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  21. [...] Injustice From The Supreme Court, Courtesy Of Justice Thomas And His Fellow Conservatives (outsidethebeltway.com) [...]

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  22. mattb says:

    PD & Doug,

    Good points all around. There seem to be two questions here… first is the issue of financial reparations for lost life (and if I’m reading the story right, Thompson was falsely convicted on two charges).

    The second one, which I find more disconcerting, is the issue of curbing the power of a prosecutor’s office. Again, IANAL, but I’ve been privy to a lot of Habeaus petitions filed in my particular district (btw, they are all public documents). And while most are spurious, there are also enough cases of over-reach, if not flat out ethical or legal violations, by local prosecutors to leave me leery of lack of protections within the current system.

    This ruling seems to further reduce the penalties for the encouragement of “aggressive” prosecution techniques. So Doug, I totally agree with your trucker analogy.

    PD, as far as the time gap, give the length of time that it typically takes for these sorts of cases to work their way through the courts (especially in issues of wrongful conviction appeals), I don’t see how we might ever avoid the issue of the present paying for sins of the past.

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  23. Wayne says:

    As mantis has said in previous thread “The 9th circuit has ruled the law unconstitutional. That’s how it’s supposed to work”. Well now the highest court of the land the Supreme Court has ruled and that’s how it’s supposed to work. Now get over it and accept it. (Sarcasm off)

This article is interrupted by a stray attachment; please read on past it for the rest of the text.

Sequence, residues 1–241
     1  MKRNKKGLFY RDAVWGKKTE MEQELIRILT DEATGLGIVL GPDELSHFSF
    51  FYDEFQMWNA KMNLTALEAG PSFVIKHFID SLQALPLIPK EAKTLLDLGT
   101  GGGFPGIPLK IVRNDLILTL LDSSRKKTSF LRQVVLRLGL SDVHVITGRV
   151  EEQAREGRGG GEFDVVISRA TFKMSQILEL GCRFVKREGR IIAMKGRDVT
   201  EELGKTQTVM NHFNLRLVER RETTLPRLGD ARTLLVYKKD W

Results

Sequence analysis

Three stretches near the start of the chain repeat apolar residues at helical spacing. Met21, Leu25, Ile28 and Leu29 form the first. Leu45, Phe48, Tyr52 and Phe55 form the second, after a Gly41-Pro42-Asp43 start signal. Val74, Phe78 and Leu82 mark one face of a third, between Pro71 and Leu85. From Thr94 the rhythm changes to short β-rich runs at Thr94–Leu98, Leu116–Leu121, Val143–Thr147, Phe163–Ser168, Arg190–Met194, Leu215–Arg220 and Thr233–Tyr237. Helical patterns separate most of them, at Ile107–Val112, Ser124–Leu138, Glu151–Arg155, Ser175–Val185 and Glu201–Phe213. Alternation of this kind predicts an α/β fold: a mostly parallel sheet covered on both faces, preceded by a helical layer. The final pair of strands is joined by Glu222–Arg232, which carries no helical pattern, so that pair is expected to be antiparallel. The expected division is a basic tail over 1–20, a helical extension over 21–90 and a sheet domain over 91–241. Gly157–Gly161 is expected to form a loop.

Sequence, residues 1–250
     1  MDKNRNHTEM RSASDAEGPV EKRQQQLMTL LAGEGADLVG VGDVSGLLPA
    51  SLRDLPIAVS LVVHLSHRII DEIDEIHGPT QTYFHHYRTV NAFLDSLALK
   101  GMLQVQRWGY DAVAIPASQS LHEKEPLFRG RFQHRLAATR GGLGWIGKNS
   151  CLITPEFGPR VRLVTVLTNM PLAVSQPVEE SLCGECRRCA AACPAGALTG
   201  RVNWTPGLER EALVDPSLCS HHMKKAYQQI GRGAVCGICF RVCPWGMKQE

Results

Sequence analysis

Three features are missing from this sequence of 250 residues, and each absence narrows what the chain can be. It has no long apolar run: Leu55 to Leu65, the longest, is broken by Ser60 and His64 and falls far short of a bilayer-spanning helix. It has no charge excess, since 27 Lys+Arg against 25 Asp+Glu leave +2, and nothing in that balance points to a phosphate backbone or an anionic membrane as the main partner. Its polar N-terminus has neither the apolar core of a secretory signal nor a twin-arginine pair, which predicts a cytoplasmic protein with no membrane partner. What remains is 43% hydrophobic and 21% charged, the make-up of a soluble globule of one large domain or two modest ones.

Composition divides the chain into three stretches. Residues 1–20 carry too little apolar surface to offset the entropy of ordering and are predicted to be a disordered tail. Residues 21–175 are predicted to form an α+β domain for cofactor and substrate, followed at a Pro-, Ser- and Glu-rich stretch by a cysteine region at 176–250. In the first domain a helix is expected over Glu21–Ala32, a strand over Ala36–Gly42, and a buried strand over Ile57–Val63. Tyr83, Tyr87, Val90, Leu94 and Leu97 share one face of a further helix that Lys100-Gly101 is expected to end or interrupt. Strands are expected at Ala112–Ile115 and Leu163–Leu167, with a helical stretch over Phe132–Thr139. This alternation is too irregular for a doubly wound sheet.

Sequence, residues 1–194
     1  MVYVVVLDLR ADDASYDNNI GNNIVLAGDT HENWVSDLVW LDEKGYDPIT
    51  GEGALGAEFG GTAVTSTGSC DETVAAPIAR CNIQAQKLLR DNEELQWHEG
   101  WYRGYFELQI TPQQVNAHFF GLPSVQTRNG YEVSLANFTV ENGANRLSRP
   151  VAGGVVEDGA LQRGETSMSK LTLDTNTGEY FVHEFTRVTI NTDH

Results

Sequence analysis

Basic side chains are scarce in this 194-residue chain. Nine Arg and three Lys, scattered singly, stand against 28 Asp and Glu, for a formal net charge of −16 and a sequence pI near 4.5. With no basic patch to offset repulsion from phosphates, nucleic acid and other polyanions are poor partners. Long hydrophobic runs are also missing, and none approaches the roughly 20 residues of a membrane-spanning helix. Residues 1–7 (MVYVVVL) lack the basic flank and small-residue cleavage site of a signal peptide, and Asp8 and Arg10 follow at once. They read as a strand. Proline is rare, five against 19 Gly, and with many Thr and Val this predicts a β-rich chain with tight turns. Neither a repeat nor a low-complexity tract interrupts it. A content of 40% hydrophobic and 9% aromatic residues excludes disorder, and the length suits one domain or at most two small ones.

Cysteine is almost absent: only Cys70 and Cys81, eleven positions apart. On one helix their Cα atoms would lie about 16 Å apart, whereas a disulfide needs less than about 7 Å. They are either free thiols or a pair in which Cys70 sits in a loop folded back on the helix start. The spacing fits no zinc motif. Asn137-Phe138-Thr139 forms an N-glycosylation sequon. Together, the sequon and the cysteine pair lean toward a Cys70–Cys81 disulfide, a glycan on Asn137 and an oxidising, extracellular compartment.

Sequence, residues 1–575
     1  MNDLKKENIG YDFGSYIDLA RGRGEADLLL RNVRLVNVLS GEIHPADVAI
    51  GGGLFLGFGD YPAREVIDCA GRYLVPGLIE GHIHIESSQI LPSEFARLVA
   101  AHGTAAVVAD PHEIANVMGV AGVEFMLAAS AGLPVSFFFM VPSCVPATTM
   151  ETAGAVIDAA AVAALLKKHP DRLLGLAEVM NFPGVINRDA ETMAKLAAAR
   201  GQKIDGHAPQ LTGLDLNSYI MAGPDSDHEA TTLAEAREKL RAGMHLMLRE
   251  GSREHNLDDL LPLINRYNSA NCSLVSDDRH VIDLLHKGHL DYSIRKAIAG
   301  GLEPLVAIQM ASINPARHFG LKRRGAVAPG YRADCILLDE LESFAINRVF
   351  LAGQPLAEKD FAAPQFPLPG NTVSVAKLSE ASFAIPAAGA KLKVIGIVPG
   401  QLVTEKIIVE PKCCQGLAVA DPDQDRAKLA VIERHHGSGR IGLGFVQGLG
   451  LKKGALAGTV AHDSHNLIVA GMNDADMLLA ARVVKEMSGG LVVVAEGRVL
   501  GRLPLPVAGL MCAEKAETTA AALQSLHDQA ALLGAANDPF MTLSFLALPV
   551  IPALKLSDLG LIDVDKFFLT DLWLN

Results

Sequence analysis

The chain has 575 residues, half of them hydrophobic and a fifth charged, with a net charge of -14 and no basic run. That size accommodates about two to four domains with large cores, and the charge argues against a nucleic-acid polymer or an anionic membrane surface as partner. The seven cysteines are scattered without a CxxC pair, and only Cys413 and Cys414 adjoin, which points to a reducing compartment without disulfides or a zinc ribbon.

In all seriousness, one can justifiably disagree with any court, law or piece of government. In this case I think the main responsibility should fall on the actual prosecutor or person who withheld the evidence. The DA and his office could be held liable but to a far lesser extent or in some cases none at all. How much depends on a great deal of facts which are unknown at this moment. The facts given puts my opinion in limbo.

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  24. I’m not suggesting that all cop or prosecutor’s are corrupt.

    Enough of them are though. And besides the ones who are out and out corrupt, there’s the even more sizable portion that are willing to look the other way.

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  25. In this case I think the main responsibility should fall on the actual prosecutor or person who withheld the evidence.

    But it can’t, because they have absolute immunity. Under previous rulings you can’t sue the individuals prosecuters unless you can prove they were deliberately breaking the law and now you can’t sue the office either.

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  26. Wayne says:

    Isn’t deliberately withholding evidence as a prosecutor against the law?

    I’m not that familiar with this particular case. However I bet it isn’t as all inclusive as many are trying to make it out. It strikes me that they are saying in this particular case such and such exist or actually didn’t exist therefore the ruling is this. In other cases a DA office could be sue.

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  27. mattb says:

    BTW – A really interesting analysis of the article at the Atlantic is really worth reading is a great unpacking of the issues as seen by the descenting side:

    http://www.theatlantic.com/national/archive/2011/03/when-the-supreme-court-fears-too-much-justice/73252/

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  28. Isn’t deliberately withholding evidence as a prosecutor against the law?

    Yes. It’s also nearly impossible to prove it was deliberate. And even if you could, you think his coworkers at the prosecuters office are going to bring charges against one of their buddies?